Charleston: a Bloomsbury house and garden by Quentin Bell and Virginia Nicholson with photographs by Alan MacSweeney (Frances Lincoln, pounds 25) is a fabulous DIY story, with lashings of eminent Edwardians. Charleston Farmhouse in Sussex, from 1916 the home of various Bloomsberries including Vanessa Bell and Duncan Grant, is architecturally unremarkable, but distinguished inside by the vitality of its hand-painted furniture, fabrics and other objects - and not just in the couple of rooms which usually illustrate it. These are useful devices for making small, low-ceilinged, even claustrophobic rooms attractive. The dining room, for example, is dominated by a large round table painted by Vanessa, surrounded by red lacquer and cane chairs designed by Roger Fry, while over it hangs a ceramic lamp made by Quentin Bell; Duncan thought up the stencilled wallpaper, and Vanessa made the curtains. Bell lived at Charleston from the age of six, and is well placed to give an account of life there, ably assisted by his daughter, Virginia Nicholson.

Ian Gow's Scottish Houses and Gardens: from the archives of Country Life (Aurum Press, pounds 35) traces the magazine's "rediscovery" of Scotland's historic houses after their years of deep Victorian Scottish-Baronial disguise. Gow gives a lively account of how knowledge of historic Scottish architecture was gradually built up by Country Life's architectural editor Laurence Weaver. The illustrations are soothing black and white - historic style being largely unchanging, it is hard to tell when they were taken. Don't miss the 3,000 interlocking antlers decking the beams of Mar Lodge's ballroom or Gribloch, an elegant house built just before the Second World War by Basil Spence.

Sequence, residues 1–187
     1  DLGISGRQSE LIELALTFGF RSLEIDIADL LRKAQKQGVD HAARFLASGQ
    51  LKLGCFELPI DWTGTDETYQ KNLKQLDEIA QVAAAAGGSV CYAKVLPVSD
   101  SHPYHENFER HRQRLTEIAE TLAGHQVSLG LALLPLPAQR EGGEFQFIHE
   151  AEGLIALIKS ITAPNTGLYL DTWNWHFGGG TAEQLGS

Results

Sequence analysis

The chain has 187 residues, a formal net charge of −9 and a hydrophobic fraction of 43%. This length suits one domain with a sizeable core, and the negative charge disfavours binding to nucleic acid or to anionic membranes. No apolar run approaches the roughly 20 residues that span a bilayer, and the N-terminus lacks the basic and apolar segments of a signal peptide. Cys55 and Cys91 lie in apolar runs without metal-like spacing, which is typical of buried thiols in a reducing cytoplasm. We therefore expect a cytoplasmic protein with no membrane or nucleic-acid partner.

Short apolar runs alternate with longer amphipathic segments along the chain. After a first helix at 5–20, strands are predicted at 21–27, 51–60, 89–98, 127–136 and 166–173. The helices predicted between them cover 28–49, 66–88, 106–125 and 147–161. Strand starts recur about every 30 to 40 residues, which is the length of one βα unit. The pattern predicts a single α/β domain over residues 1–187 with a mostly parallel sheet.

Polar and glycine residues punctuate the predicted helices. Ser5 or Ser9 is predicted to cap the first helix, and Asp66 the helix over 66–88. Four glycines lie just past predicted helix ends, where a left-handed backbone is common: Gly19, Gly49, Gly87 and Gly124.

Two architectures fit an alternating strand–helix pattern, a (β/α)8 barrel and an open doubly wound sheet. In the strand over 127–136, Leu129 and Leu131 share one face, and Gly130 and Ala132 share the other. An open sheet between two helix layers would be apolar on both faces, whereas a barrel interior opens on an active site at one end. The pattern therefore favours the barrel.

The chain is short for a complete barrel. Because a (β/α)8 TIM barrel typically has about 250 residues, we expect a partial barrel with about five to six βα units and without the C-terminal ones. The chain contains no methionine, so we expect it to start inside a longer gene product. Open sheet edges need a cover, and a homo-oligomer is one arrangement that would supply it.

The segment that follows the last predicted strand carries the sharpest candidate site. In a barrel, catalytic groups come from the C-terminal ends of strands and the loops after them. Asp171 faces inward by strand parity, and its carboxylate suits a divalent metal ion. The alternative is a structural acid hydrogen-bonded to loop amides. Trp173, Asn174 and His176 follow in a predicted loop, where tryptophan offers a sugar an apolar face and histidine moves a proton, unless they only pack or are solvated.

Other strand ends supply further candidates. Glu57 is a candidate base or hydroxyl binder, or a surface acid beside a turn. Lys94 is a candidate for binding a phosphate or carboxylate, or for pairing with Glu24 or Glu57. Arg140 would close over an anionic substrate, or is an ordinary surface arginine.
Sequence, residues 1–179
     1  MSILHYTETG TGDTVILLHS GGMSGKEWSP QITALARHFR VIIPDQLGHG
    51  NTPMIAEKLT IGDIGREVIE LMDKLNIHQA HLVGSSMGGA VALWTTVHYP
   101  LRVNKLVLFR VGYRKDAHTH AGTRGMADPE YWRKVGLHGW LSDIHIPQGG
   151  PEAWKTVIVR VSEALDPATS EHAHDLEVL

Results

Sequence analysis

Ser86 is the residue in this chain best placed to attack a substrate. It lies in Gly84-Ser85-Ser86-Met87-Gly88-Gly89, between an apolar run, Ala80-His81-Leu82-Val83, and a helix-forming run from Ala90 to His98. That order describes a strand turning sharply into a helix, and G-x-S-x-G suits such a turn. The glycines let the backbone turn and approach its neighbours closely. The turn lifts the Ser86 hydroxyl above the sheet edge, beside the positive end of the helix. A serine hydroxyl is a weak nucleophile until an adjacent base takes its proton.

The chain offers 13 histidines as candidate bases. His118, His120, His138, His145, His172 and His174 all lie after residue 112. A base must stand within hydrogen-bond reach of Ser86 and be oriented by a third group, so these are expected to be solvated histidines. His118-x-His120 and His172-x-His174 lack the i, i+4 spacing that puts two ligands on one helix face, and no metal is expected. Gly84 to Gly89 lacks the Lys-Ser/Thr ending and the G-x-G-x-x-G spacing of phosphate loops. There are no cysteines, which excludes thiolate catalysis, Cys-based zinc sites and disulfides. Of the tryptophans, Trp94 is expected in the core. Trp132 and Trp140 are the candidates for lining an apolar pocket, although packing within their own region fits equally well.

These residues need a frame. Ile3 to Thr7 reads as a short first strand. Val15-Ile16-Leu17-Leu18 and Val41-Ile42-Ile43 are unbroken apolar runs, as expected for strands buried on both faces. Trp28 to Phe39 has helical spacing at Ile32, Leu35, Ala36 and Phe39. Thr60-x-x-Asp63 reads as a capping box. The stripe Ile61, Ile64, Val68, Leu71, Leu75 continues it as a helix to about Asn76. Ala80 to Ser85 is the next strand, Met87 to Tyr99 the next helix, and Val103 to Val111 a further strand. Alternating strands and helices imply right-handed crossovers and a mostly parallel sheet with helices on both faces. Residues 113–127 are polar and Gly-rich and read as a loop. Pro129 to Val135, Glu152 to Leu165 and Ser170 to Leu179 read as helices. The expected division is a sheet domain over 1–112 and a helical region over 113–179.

On the same turf, batteries of pointed towers and sensational plasterwork in the form of figures, weapons, birds and animals are among the thrilling recurrent features of Great Houses of Scotland by Hugh Montgomery-Massingberd with photographs by Christopher Simon Sykes (Laurence King, pounds 40). It also features an apparently naked (but lavishly bewigged) portrait of the Queen Mother's ancestor, the 3rd Earl Strathmore, in sculptural pink body armour, at Glamis Castle. The book comes in an appropriately stately format. Of the 26 estates featured, only six are also found in the Country Life book, and even then quite different views and rooms are shown. Massingberd's racy text convincingly contends that these Caledonian residences more than match their English equivalents. Nor are the houses simply shrines to the past: the composer Gian Carlo Menotti plans to open an opera school at Yester in East Lothian; while at Ardkinglas on Loch Fyne, John Noble runs a flourishing seafood company employing as many locals as the estate did in its heyday.

London Living by Lisa Lovatt-Smith (Weidenfeld & Nicolson, pounds 25) is a glorious mish-mash of 30 of the most colourful and entertainingly tasteful private interiors in London. Several no longer exist, and one wonders which will still be here in 100 years time: Gilbert & George's curiously Victorian Spitalfields house, for example? Some are well known, but most are less familiar, from the chillingly severe minimalism of Doris Lockhart Saatchi to Peter Hinwood's gorgeous peppermint and Moorish mixture. Lovatt Smith has chosen well to promote prettiness and originality rather than slavish devotion to this year's bland bleached model (turn to page 40 for an extract). Also by her, The Fashion House: inside the homes of leading designers (Conran Octopus, pounds 30) parades the gamut of international chic: a Japanese water garden in Paris (Kenzo), majestic Empire style for a New York flat (Bill Blass), a pastel-hued Tuscan farmhouse for Paul Smith. It is fun, but suffers from a certain overstyling itself.